Objective Tinnitus

Objective tinnitus is a common form of tinnitus in which a doctor or a third party, in addition to the tinnitus sufferer, can hear the sounds that are not caused externally. This means that the noises which are created within the sufferer’s own body and ears, often by circulatory issues (pulsatile tinnitus), and can be heard by others.

Objective tinnitus is relatively rare and can be caused by many disorders affecting either the circulatory system or muscles and other related medical items. Objective tinnitus can be mild, severe, or somewhere in between.

Objective Tinnitus, Sounds All Can Hear

Objective tinnitus, just as its name suggests, is when there is a provable sound coming from a person’s ears, sounds that are not created outside the ear.

Objective tinnitus can be mild, severe or somewhere in between. Many people experience tinnitus while they are relaxing watching television, reading a book, engaging in conversation or while trying to sleep.

Others experience it most often after they are engaged in extremely noisy activities without adequate hearing protection.

Even those whose tinnitus came about because of loud noises can still find relief and may not even realize that it is objective tinnitus.

Two Possible Causes Of Objective Tinnitus

There are two main theories on what causes objective tinnitus, neither of which is completely proven. The first theory says that it is caused by somatic (musculoskeletal movement) or blood-flow issues.

Blood vessels in the ear may be too weak or too large for the cartilage to cushion. If they become too big, the noise that they produce is magnified , thus increasing the intensity. On the other hand, the theory that it is caused by a problem in the middle ear may not be entirely accurate.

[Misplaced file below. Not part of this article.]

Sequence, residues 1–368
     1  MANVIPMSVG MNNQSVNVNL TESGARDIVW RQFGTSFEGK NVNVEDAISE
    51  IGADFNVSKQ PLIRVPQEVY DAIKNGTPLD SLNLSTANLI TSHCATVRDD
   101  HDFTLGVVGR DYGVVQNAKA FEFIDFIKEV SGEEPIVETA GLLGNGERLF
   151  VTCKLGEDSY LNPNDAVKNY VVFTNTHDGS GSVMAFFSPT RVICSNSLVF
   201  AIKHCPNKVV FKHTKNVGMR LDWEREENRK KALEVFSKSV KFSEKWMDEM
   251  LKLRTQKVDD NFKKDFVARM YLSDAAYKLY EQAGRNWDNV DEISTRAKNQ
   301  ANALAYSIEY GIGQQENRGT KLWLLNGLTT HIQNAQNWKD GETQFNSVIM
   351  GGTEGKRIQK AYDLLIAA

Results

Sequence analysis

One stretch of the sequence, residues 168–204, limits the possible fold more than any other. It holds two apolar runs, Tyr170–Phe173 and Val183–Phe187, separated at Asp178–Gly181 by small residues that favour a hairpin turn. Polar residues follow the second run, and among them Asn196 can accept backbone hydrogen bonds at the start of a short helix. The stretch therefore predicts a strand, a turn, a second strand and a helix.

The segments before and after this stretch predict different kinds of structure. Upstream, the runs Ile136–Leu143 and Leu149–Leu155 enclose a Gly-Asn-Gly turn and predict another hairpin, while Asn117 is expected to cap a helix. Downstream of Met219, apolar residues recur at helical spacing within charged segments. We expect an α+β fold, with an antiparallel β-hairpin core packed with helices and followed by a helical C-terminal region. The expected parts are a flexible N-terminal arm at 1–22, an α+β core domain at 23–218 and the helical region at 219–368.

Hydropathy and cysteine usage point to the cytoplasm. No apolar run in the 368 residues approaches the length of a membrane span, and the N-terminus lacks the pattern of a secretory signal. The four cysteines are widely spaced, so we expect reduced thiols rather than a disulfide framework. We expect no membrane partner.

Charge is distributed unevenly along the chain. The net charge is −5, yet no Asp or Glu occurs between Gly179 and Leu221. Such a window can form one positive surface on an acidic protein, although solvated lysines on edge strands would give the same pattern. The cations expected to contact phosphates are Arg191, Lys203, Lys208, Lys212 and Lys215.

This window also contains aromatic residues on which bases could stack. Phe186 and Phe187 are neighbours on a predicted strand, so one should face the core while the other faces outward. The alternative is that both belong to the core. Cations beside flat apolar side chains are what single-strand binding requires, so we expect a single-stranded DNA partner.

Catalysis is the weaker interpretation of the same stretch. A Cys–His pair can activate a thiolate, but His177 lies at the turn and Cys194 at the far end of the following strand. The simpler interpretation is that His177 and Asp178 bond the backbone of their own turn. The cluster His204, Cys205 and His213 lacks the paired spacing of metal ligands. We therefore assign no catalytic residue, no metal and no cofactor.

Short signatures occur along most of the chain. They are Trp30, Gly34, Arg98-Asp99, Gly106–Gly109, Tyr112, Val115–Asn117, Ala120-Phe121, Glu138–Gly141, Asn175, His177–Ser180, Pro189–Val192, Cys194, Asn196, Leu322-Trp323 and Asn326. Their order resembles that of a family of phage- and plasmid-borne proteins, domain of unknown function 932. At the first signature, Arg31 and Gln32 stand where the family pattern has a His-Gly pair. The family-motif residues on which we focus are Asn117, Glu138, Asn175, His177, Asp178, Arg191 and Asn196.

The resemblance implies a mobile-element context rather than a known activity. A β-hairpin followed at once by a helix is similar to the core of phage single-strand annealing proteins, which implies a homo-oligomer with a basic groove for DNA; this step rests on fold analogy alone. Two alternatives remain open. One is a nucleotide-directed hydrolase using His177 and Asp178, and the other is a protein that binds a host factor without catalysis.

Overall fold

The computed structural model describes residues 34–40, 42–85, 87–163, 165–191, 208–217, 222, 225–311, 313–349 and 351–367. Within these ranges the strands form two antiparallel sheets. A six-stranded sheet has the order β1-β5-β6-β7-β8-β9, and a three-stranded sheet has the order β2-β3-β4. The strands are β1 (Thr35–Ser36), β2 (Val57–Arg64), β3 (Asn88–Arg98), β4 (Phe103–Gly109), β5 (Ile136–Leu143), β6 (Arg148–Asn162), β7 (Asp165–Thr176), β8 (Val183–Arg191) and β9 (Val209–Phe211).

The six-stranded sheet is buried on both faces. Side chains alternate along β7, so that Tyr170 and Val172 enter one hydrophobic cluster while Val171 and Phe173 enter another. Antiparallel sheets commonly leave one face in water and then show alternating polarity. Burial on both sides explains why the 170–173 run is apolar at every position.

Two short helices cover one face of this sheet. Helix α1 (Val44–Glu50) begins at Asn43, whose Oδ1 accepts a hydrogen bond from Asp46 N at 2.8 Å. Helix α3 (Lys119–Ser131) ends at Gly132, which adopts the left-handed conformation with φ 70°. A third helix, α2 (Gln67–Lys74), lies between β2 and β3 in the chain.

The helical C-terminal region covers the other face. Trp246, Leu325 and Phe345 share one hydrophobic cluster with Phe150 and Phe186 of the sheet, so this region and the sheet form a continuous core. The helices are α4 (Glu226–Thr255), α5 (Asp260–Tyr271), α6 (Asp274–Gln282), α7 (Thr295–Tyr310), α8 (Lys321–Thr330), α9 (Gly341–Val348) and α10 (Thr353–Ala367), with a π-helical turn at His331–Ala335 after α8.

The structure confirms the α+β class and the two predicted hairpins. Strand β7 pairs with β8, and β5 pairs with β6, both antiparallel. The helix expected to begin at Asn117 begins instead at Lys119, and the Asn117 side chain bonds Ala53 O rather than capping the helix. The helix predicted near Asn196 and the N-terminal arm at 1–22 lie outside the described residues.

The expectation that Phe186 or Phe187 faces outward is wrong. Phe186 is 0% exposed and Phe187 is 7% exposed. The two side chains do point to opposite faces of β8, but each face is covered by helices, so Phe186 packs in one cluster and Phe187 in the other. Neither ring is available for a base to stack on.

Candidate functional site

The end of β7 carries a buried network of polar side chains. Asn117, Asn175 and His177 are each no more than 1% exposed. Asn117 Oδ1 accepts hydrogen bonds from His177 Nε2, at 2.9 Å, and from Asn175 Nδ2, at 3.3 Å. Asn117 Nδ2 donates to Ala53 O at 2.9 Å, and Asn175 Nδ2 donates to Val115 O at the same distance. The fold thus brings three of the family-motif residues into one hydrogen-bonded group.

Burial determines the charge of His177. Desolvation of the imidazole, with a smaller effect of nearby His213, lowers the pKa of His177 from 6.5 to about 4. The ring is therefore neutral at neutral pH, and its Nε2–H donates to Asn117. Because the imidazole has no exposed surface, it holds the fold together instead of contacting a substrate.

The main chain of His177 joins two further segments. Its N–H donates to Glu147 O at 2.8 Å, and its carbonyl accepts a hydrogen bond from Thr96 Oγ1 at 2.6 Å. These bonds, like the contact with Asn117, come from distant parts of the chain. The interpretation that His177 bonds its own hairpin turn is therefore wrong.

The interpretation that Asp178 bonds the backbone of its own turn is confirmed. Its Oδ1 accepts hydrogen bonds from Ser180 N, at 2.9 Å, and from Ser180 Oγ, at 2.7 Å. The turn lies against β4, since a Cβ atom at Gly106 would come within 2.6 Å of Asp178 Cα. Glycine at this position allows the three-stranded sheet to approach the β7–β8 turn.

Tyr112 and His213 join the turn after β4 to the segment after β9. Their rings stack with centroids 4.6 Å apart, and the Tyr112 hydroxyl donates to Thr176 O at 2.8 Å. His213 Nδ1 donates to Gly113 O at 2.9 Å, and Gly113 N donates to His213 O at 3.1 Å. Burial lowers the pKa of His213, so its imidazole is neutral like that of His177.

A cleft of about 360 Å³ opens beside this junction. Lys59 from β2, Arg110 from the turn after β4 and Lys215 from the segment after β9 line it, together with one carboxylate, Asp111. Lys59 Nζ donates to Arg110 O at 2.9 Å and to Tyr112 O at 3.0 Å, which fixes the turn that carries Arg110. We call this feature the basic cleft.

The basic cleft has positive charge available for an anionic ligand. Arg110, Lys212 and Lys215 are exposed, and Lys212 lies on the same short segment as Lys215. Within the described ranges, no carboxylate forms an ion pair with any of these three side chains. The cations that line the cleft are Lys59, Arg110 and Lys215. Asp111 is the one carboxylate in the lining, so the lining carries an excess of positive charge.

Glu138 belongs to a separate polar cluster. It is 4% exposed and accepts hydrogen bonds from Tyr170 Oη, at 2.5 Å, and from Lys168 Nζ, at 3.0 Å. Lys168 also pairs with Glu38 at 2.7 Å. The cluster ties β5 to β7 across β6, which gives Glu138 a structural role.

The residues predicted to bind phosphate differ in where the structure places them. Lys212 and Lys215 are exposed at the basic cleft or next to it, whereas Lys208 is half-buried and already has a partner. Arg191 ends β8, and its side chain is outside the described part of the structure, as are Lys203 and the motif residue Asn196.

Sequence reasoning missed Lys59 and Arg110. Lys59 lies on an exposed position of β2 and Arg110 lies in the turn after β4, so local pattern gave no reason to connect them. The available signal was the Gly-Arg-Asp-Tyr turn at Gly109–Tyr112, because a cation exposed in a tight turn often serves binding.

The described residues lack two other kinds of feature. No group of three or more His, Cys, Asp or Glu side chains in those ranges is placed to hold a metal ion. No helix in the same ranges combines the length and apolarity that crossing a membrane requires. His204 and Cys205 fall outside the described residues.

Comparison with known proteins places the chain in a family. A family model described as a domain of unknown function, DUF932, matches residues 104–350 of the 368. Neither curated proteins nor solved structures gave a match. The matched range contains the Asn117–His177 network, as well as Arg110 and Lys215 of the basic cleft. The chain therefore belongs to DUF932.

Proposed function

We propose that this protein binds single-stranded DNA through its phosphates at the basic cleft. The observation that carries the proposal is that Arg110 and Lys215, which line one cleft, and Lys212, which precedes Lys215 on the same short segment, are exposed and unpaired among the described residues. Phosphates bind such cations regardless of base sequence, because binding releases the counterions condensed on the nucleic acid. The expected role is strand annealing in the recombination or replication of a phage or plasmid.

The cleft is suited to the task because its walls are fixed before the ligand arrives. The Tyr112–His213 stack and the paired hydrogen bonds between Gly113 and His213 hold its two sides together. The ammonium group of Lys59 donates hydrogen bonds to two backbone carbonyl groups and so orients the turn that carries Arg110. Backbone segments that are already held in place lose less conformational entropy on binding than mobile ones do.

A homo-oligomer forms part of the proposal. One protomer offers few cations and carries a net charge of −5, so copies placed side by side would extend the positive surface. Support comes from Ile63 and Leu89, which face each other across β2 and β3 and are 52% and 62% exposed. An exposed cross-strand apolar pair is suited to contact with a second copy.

The middle ear is simply an airtight tube. If for some reason, it becomes blocked, the noises will not be produced. So, although there is evidence that this occurs in a minority of cases, it cannot be proven. Blood flow within the ear tubes also has many other effects, including the possibility of creating noises due to blockages or blood flow reductions .

The good news with a diagnosis of objective tinnitus is that the sufferer may be able to have their tinnitus treated and possibly cured if the medical cause is identified and is a treatable condition. This is not usually the case with the other type of tinnitus, subjective tinnitus.

Other Types Of Tinnitus

Subjective tinnitus is different, and comprises the vast majorities of tinnitus cases. It has been seen that some people do hear sounds even when they are sitting alone, especially in a quiet room. These source of these sounds are not identifiable, and they can only be heard by the tinnitus sufferer, and no one else.

Somatic tinnitus can be caused by a muscular problem in the inner ear. There can be a fluid build-up or an infection, and sometimes both. This condition has many different causes, ranging from common colds to tumors or nerve damage in the neck area.

Sometimes, the problem is caused by something that the patient is eating or drinking. In other cases, the problem is caused by exposure to loud noises. Muscle spasms in the middle ear can also lead to objective tinnitus if they are caused by muscular tinnitus.

A common condition that causes noises in the ears is pulsatile tinnitus, which has a very wide range of causes. The most common cause is arterial problems which cause blood flow in the head and ear to contribute to whooshing noises heard by the tinnitus patient.

Patients with this type of tinnitus often have a pulsating sound in one or both ears. Other symptoms of this condition can include dizziness and a sensation that blood flow is not completely running through the body.

The ringing sounds heard by those with any type of tinnitus are a common condition and can affect a large portion of the population.

According to the Marshfield Clinic, “Tinnitus affects an estimated 32 percent of the U.S. population, according to National Center for Health Statistics studies. The prevalence of tinnitus increases to 70-85 percent in the hearing-impaired population. That indicates that more than 80 percent of the patients who have tinnitus also have some degree of hearing loss.

If you are hearing noises in your ears, you are not alone. Essentially, around one-third of the citizens in the United states suffer with some type of tinnitus, and the vast majority of those people will see no cure for their condition. And, if you are hearing-impaired, you have an excellent chance of also having tinnitus.

The good news here is that, if you are one of these millions experiencing the screeching, ringing and whooshing sounds of tinnitus, there are ways to learn to live with your condition.